Kathika Damodhara Deepotsava is celebrated in commemoration of an enchanting childhood pastime of Lord Krishna in Gokula. The Srimad Bhagavatam describes that once naughty little Krishna stole butter & also broke the pots containing butter and yogurt. Mother Yashoda then decided to bind Krishna to a wooden grinding mortar to restrain his naughty activities. She took some ropes & tried to bind the unlimited Supreme Lord, being unaware of His exalted position. But the rope was short by a measurement of two fingers. Yashoda gathered all the ropes from the household & joined them to bind Krishna. In spite of exhausting all the ropes, it was still short by two fingers. Observing the exhaustion of Mother Yashoda, Krishna finally agreed to be bound although the Supreme Lord is by nature boundless & infinite. This pastime made Krishna famous by the name ‘Damodara’. ‘Dama’ means rope & ‘udara’ means belly. Hence, Damodara is the special form of Krishna, as a baby tied with rope around his belly to a wooden grinding mortar.
There are many wonderful descriptions in the scriptures glorifying this pastime. The acharyas explain that actually the Supreme Lord Krishna can never be bound by anyone or anything. Yet out of His boundless love & compassion for his pure devotees like Mother Yashoda, he agrees to become subservient to them. Hence, Mother Yashoda did not bind Krishna with an ordinary rope but with her pure love and devotion.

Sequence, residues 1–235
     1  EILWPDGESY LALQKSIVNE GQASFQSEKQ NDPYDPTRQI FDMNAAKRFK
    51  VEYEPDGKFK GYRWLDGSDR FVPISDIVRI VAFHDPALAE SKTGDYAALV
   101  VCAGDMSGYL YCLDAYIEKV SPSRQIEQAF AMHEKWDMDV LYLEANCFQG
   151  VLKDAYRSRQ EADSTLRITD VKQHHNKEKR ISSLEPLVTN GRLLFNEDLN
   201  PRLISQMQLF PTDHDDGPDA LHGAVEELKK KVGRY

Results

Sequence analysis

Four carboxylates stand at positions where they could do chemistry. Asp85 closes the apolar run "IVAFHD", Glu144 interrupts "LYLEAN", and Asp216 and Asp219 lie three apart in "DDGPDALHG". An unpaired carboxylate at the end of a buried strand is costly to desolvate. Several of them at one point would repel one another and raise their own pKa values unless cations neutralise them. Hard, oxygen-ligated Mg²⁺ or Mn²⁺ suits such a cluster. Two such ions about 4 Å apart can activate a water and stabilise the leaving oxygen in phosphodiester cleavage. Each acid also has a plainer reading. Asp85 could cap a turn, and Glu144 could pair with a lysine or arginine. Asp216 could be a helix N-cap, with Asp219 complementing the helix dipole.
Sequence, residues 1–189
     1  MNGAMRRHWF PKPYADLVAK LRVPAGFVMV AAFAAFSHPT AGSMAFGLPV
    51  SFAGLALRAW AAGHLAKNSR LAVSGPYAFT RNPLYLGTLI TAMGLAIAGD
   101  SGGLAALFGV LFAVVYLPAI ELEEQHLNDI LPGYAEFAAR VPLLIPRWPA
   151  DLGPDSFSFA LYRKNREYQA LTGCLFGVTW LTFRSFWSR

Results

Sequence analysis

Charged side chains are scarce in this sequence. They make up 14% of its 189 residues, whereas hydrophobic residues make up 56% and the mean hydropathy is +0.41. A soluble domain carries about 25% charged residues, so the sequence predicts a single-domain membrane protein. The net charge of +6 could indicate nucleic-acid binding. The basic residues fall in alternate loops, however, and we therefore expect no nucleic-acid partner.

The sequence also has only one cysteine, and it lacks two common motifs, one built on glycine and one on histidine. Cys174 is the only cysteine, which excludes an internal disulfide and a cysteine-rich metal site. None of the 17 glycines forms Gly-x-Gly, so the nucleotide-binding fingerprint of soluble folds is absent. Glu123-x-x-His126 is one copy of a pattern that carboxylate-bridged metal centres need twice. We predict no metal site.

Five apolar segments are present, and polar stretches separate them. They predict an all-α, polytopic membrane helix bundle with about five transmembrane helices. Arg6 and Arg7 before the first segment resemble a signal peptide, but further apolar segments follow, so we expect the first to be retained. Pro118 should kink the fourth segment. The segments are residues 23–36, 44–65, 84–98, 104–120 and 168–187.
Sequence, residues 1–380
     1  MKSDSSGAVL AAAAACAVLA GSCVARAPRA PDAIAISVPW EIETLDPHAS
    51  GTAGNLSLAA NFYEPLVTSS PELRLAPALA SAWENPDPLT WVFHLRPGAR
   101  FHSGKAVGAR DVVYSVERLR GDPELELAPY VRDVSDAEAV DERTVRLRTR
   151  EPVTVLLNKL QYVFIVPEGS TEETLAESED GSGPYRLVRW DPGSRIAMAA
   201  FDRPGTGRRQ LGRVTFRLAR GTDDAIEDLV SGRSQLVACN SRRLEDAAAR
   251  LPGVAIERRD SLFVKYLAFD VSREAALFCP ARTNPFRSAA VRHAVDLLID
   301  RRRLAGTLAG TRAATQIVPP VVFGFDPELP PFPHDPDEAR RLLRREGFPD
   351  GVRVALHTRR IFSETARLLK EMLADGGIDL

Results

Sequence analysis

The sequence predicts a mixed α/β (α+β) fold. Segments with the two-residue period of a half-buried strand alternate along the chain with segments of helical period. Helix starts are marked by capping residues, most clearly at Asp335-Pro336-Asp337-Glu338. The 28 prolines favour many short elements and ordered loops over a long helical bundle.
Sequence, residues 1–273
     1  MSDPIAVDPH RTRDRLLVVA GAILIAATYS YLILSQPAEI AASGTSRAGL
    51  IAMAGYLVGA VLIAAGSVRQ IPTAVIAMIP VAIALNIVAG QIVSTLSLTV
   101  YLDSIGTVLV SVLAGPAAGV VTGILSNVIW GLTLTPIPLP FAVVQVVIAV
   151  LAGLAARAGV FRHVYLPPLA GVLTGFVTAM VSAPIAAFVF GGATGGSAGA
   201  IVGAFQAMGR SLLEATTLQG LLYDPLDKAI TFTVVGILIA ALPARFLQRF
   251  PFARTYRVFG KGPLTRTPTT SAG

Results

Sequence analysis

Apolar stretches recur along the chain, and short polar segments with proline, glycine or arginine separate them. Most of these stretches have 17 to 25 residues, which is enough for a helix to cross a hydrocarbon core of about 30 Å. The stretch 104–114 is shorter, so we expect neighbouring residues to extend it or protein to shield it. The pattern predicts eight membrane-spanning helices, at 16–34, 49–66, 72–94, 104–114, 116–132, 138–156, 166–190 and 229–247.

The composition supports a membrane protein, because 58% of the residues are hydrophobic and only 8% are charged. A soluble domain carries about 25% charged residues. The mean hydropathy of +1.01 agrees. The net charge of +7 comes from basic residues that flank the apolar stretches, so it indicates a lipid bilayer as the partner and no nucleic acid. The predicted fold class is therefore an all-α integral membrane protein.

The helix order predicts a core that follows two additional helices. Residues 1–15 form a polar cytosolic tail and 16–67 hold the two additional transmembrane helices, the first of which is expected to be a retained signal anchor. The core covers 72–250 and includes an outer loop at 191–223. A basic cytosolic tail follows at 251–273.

Devotees celebrate this sweet pastime throughout the month of kartika by offering special prayers and lamps to Lord Damodara.
At ISKCON Mysuru, Damodara Deepotsava is celebrated by observing a month long festival of lights in the month of Kartika. Every day in the evening at 7:30 pm, the entire temple is decorated with lamps and a special flower rangoli is offered in front of the altar. All the devotees sing Damodarashtaka song and offer a lamp to Krishna. There will be special Pallaki Utsava and fire crackers on the first day, Bali Padyami day and the last day.
You can offer the following sevas for Deepotsava